I remember seeing Martin Simpson at a festival in England in the early 1980s. He was then one of the bright new hopes in English folk music, and had released his first album. I liked him, bought a few albums, but lost track of him when he moved across the Atlantic.
Come the new millennium . . . → Read More: Martin Simpson: Vagrant Stanzas
Mackenzie’s off in Stockholm with his wife, Catherine, to check out residencies for the Several Annies interested in an immersion in all things Swedish so I’m doing the Sunday post which I’m writing up very late at night, as it was busier than expected in the Pub even for a Saturday evening. After my end . . . → Read More: A Listener’s Gude to Irish Music
Fires of the Desert is Book Four of Leona Wisoker’s series, Children of the Desert, and, just when you thought things couldn’t get more complex and difficult, they do, although thankfully the darkness of Bells of the Kingdom is ameliorated.
The geographic center of this one is Bright Bay, seat of King Oruen of the . . . → Read More: Leona Wisoker: Fires of the Desert
(Sydney, Nova Scotia) – The lineup for the 17th Celtic Colours International Festival was released today. It includes an exciting mix of local, national, and international artists, festival favourites and Celtic Colours newcomers. The nine-day, Cape Breton Island-wide celebration gets underway October 11 at the Port Hawkesbury Civic Centre and wraps up October 19 at . . . → Read More: Celtic Colours International Festival announces 2013 lineup; tickets on sale July 8
Isaac Asimov’s Foundation trilogy is inarguably one of the seminal works of modern science fiction. It was one of the first to take its inspiration from the social sciences rather than the physical sciences (Gernsback’s formula of “better living through technology” had received a serious blow with the first use of the atomic bomb in . . . → Read More: Isaac Asimov’s Foundation trilogy
Finding My Elegy, by Ursula K. Le Guin
I have to confess, I’ve stalled writing this review because I don’t want to think about reading any elegies for Ursula Le Guin. I’ve been reading and treasuring her books and essays and poems since I was child growing up in the ‘70s in a single-wide trailer . . . → Read More: In Search of an Elegy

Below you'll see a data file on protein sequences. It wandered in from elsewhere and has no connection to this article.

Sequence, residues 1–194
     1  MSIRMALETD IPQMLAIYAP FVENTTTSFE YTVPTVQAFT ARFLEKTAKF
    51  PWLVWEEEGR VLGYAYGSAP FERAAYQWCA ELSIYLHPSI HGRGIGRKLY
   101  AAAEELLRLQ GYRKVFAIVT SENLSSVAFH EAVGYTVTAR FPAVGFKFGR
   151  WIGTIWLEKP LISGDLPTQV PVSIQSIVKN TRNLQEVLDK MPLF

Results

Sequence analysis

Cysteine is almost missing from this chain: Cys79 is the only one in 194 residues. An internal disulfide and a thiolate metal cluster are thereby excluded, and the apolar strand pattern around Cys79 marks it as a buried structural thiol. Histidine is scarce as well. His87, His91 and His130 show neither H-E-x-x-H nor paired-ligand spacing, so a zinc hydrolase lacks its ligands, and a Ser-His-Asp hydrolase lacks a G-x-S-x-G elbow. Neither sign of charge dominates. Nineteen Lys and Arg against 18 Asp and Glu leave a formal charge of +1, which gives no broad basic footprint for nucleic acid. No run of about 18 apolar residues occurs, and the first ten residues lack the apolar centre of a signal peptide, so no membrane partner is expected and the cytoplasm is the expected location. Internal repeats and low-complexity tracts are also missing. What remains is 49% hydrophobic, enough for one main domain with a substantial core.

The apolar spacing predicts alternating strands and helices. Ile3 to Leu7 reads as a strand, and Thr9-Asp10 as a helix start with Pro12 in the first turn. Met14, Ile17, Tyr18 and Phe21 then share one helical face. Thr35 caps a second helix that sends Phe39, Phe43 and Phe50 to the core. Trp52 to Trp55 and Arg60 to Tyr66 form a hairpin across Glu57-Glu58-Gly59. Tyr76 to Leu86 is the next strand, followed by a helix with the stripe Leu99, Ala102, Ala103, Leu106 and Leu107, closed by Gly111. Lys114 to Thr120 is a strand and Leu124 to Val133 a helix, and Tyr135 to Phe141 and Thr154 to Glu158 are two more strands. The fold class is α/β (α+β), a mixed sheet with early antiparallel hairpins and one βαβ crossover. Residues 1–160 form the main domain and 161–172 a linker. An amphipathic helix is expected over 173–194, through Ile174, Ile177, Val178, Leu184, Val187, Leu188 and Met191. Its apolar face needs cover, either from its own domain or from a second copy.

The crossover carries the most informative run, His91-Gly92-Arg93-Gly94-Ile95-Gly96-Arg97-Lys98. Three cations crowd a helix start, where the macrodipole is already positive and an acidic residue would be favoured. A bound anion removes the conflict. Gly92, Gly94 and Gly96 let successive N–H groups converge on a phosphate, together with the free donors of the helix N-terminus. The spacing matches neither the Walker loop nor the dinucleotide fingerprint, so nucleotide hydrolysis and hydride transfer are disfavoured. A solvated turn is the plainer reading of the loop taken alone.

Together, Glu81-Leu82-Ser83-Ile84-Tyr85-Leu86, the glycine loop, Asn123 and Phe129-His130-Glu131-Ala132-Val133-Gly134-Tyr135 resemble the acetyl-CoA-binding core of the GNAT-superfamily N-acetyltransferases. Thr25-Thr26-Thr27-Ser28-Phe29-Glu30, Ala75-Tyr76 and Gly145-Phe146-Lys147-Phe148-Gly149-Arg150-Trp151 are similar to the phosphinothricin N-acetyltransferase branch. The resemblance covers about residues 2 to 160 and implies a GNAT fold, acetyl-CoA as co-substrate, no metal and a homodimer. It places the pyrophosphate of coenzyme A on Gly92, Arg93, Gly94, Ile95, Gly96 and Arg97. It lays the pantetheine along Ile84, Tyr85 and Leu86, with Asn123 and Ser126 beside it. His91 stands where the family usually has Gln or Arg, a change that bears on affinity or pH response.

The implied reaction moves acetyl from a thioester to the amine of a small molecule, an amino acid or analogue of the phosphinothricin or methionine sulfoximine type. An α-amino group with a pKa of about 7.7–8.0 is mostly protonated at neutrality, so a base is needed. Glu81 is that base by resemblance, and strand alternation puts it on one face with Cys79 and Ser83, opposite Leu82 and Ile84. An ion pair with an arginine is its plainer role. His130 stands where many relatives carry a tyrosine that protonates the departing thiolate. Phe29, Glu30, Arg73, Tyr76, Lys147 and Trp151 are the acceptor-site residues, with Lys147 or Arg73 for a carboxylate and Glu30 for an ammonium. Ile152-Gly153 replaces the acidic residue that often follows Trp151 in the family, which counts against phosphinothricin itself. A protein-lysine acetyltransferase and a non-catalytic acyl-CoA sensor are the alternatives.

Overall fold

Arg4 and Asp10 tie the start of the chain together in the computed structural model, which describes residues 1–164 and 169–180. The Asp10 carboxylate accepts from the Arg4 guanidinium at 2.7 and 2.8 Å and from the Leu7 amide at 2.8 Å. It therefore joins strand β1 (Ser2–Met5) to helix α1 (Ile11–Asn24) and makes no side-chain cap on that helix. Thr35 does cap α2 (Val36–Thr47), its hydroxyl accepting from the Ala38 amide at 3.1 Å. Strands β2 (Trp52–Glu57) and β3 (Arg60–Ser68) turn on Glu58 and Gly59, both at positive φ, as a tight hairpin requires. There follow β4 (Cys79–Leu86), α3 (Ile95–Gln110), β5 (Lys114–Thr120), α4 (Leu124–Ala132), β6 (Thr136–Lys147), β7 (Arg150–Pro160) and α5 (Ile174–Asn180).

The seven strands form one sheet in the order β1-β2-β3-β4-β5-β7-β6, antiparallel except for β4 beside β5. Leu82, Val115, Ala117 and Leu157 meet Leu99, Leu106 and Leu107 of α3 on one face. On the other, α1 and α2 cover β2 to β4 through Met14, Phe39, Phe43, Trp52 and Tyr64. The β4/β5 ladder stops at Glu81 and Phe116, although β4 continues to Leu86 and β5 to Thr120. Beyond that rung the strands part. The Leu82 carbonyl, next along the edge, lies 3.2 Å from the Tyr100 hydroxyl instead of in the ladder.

Clannad, around 1970.
Clannad has been around since 1970, a run of over forty years, and they just released their newest album, Live at Christ Church Cathedral 2011. Founded in 1970 in Gweedore, County Donegal, they’ve been described as traditional Irish, Celtic and New Age. Just two years later with the release of ‘Theme From . . . → Read More: Clannad Considered
Charles de Lint just put a new story up at Amazon and Smashwords.
Here’s what it’s about:
Sheriff Poole & The Mech Gang is set near de Lint’s fictional desert town of Santo del Vado Viejo, where his novels The Mystery of Grace and The Painted Boy take place, and where some of his recent . . . → Read More: A new story from Charles de Lint: Sheriff Poole & The Mech Gang
Cross-possted from Sleeping Hedgehog.
Being the Manager for the Green Man Pub here at the Kinrowan Estate and afternoon barkeep (as I’d be a piss poor Manager if I didn’t keep my skills up), I frequently (when it’s quiet) like to read short fiction as I can usually finish a story in ten or fifteen . . . → Read More: Literary Matters: Charles de Lint’s Digital Short Fiction
I got the galley for this collaborative affair by writer Charles de Lint and artist Charles Vess way back in August of last year, if memory serves me right. However, that galley was missing one essential aspect of the story as the artwork, though charming, was but the preliminary black and white sketches for the . . . → Read More: Literary Matters: The Cats of Tanglewood Forest